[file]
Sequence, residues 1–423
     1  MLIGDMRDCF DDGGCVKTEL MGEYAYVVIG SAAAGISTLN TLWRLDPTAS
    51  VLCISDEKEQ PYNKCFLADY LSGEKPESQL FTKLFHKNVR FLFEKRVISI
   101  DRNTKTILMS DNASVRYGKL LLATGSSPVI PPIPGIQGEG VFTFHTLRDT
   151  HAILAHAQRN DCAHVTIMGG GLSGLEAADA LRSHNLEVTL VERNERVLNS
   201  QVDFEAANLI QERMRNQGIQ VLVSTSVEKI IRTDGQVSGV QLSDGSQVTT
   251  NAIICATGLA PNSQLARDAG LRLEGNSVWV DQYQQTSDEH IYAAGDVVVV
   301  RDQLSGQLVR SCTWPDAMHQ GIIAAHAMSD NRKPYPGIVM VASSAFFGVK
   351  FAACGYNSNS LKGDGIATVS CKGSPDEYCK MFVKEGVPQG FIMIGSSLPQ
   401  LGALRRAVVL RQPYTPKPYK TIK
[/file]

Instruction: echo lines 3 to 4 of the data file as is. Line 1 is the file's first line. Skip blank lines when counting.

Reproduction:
    51  VLCISDEKEQ PYNKCFLADY LSGEKPESQL FTKLFHKNVR FLFEKRVISI
   101  DRNTKTILMS DNASVRYGKL LLATGSSPVI PPIPGIQGEG VFTFHTLRDT